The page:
The Season of Lent ends with Holy Week, beginning with Palm (or “Passion”) Sunday and continuing with Maundy Thursday and Good Friday. (“Passion” is from the Latin passio, meaning “suffering.”) The color for most of Holy Week is red—symbolizing the blood shed by Jesus onthe cross.

Maundy Thursday, however, is an exception to the somber and introspective mood that normally prevails during Holy Week. On Maundy Thursday, Christians gather to remember the Last Supper of Jesus with his disciples—an event Christians associate with the first celebration of Holy Communion (or the “Lord’s Supper”). So the color of the day is festal white.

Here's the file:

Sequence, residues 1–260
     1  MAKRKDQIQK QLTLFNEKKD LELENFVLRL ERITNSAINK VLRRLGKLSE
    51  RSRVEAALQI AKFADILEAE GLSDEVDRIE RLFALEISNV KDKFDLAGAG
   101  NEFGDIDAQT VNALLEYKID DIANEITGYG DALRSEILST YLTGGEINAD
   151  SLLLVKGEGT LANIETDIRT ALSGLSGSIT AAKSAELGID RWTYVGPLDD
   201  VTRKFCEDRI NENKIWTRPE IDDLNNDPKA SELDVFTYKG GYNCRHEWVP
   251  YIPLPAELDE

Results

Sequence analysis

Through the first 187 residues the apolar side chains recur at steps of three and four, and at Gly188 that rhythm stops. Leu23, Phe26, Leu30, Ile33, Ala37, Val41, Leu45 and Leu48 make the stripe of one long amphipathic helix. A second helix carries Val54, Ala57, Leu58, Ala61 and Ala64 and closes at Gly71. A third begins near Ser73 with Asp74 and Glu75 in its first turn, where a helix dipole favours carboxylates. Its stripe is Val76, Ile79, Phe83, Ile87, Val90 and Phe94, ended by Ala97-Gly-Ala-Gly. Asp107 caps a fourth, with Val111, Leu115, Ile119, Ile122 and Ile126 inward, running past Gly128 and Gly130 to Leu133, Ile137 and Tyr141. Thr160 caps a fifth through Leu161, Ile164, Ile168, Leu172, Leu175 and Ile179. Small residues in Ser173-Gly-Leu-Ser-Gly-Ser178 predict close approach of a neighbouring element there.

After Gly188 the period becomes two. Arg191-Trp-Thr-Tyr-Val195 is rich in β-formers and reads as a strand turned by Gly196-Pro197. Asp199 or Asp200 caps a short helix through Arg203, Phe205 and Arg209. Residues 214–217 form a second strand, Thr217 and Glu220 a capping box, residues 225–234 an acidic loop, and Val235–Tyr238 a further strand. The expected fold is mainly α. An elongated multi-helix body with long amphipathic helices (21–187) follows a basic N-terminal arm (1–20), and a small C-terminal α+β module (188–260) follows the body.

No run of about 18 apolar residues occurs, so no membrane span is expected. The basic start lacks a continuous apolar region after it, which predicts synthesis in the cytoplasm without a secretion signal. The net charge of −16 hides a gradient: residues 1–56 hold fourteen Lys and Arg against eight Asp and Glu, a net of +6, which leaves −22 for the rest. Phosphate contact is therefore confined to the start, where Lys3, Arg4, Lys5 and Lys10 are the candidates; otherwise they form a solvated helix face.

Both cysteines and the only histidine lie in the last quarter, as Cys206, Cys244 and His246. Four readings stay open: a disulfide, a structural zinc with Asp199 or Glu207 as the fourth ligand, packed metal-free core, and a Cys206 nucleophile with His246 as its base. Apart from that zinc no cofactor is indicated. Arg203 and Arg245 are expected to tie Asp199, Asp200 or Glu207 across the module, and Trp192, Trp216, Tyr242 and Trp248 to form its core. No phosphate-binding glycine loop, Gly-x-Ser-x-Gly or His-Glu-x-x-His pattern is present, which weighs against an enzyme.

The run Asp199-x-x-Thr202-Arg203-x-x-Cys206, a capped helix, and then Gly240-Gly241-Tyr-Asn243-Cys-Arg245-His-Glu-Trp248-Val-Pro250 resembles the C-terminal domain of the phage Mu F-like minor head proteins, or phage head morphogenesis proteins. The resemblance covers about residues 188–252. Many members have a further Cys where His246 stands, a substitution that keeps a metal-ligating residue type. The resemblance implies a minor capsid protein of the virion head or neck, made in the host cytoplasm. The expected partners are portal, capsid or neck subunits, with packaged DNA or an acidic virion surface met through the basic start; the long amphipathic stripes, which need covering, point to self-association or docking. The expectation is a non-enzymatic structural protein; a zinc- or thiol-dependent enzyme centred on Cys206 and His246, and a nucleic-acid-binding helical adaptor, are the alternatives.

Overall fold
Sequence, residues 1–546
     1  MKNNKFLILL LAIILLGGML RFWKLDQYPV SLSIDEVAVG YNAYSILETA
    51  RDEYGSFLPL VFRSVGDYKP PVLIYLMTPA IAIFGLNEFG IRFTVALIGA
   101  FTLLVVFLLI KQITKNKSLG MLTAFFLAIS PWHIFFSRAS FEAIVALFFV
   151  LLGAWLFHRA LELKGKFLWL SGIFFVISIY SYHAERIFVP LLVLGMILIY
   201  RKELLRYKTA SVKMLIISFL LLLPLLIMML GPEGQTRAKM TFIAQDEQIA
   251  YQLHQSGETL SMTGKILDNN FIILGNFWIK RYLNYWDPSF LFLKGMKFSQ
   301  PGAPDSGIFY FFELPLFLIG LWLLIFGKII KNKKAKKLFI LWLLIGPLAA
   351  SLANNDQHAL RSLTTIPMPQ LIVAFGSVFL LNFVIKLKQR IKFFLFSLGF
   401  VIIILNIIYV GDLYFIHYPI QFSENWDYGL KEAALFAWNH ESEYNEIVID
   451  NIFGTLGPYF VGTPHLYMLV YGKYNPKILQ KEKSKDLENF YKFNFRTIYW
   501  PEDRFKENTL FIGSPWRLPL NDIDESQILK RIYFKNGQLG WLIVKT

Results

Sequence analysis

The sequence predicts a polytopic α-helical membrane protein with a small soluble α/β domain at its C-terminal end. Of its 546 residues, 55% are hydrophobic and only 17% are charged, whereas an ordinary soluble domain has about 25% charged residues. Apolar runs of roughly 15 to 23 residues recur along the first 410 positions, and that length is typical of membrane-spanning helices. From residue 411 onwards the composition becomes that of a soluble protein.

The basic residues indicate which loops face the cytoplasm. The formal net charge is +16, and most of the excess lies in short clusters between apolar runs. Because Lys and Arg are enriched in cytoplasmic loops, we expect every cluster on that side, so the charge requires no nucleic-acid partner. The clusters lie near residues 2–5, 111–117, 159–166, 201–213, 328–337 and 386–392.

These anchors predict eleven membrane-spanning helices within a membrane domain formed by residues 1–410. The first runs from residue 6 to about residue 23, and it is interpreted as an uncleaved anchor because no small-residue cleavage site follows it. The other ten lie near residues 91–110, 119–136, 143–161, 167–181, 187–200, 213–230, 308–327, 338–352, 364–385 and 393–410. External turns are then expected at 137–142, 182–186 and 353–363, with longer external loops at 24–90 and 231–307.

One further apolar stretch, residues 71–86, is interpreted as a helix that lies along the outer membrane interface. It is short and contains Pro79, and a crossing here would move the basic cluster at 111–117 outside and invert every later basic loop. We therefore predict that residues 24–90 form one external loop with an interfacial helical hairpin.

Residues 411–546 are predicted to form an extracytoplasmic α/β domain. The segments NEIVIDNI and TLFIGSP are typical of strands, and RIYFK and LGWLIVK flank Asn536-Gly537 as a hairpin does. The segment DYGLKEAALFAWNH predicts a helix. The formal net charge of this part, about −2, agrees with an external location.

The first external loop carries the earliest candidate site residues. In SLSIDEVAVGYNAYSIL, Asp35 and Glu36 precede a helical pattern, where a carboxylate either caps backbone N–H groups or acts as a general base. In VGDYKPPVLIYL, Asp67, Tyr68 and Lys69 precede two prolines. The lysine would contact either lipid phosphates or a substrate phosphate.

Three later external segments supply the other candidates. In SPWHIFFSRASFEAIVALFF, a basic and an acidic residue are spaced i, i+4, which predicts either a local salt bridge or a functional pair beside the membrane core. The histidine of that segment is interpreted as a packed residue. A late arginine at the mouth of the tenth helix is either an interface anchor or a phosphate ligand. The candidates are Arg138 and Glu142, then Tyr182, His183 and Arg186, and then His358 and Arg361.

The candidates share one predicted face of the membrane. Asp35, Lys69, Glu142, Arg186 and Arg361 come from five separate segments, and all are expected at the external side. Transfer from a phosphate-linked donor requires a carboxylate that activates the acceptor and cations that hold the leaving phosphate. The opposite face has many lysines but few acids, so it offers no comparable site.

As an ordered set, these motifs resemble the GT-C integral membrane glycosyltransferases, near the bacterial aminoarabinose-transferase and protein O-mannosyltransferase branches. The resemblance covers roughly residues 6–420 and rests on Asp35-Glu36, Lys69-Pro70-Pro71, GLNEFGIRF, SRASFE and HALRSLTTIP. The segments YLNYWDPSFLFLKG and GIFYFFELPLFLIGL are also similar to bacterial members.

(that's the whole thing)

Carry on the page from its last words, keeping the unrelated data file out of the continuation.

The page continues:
“Maundy” is derived from the Latin word, “mandatum,” meaning “commandment.” The celebrationrecalls not only the Last Supper but Jesus’ last commandment to his disciples: “love one another as I have loved you.”

Good Friday is the observance of the arrest, crucifixion and burial of Jesus. The center of attention is the cross: hanging criminals on a cross was a common method of execution in the Roman Empire. As Christians behold the cross on Good Friday, they remember the arms of the Savior of the world, stretched out on the wood of the cross for the salvation of humanity.